Problem management is not considered a critical process in many IT organizations. However, IT organizations that have a problem management workflow tend to deliver higher quality services for the following reasons:

  • Timely investigation
  • Correction of underlying root causes

The business can benefit from fewer service outages and a faster time to resolution when problems occur.

Effective problem investigation is tied to your ability to link problems with related incidents, changes, and configuration items. You can determine how a problem impacts other services, understand which devices are involved, and record details of any changes that caused the problem or correct the underlying root cause. As you evaluate IT help desk tools, ensure that you check for seamless integration between processes and features that enable you to link all relevant information with your problem records.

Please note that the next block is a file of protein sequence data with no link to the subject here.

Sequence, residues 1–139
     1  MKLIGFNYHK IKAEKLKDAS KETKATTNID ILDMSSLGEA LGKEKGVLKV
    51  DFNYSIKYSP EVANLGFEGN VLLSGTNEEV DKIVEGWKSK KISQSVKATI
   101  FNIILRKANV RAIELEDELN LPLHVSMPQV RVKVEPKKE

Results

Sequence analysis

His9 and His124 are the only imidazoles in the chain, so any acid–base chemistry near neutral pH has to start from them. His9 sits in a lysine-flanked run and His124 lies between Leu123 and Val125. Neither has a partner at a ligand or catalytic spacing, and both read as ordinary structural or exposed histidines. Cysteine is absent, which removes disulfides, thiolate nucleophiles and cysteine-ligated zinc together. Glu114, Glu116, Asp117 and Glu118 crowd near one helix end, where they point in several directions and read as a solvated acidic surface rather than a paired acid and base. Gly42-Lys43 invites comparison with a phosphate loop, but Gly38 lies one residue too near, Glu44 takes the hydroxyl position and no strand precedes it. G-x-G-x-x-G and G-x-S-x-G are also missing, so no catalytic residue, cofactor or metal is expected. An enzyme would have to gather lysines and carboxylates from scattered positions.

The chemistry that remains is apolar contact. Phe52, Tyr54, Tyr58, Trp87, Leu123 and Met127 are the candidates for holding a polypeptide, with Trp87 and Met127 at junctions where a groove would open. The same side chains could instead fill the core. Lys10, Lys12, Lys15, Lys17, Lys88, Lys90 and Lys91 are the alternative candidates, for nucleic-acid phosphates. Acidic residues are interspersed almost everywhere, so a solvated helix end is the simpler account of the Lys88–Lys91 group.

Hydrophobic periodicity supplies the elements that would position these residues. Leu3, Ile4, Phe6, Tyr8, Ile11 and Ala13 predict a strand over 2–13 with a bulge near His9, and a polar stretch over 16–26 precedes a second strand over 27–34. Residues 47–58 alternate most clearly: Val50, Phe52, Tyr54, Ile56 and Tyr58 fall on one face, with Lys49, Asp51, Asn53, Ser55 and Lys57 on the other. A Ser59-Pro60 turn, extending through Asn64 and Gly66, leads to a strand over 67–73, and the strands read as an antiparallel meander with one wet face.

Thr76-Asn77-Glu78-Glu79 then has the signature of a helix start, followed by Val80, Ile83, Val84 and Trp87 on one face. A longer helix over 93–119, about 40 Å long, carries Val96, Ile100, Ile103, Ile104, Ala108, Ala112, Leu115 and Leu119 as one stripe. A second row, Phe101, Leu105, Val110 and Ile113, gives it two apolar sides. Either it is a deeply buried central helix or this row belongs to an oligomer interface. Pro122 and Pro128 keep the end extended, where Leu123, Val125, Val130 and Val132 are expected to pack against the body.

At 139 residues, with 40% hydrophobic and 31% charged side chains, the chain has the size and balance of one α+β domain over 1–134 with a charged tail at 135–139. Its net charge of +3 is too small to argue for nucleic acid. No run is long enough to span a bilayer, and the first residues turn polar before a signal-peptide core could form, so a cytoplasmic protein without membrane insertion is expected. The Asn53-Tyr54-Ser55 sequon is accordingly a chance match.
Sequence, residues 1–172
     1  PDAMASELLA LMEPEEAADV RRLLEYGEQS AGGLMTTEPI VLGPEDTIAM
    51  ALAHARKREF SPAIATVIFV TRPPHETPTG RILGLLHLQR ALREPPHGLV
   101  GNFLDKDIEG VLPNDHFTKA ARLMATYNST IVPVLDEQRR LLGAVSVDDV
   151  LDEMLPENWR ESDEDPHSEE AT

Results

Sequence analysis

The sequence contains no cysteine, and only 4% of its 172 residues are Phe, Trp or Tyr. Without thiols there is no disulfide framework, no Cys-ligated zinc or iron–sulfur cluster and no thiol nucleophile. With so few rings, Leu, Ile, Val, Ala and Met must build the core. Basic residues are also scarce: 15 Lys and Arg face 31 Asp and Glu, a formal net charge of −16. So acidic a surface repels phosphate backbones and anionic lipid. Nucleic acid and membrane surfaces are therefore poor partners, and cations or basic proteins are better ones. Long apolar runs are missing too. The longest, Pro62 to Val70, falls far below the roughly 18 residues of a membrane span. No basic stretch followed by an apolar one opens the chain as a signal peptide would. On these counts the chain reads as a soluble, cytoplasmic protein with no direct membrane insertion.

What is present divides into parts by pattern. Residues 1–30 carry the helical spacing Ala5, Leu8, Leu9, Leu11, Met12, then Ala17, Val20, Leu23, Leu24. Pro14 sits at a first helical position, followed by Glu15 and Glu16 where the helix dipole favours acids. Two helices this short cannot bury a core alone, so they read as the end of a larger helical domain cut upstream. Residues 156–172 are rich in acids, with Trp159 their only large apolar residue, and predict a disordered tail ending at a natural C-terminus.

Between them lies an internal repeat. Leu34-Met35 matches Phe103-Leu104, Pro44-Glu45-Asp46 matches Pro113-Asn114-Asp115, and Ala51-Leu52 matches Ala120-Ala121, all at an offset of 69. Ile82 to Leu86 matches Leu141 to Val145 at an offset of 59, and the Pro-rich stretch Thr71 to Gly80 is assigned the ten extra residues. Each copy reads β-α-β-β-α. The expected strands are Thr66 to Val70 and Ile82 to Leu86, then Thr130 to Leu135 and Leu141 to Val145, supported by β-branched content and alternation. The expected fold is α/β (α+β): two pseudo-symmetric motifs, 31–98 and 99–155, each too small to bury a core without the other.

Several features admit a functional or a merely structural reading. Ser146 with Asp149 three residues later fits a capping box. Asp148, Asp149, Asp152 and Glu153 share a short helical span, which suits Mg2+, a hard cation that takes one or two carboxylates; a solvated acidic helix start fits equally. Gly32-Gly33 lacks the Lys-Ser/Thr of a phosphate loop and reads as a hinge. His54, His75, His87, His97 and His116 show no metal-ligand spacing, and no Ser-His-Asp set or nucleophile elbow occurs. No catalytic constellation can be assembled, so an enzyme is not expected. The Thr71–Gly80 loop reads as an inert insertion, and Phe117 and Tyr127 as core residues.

BMC Remedyforce aligns with ITIL best practices for problem management. With comprehensive integration of IT service management functions, your agents can review all of the related information when investigating problems. They can also create detailed and auditable records of their investigation so that a history is maintained throughout the problem management process.

For information about creating and updating problems, see Problem management.

Metrics that matter

Effective problem management is about the speed and efficiency of root cause investigation and resolution. The goal is to minimize the impact to the organization and to prevent problems from recurring. The following metrics support these objectives.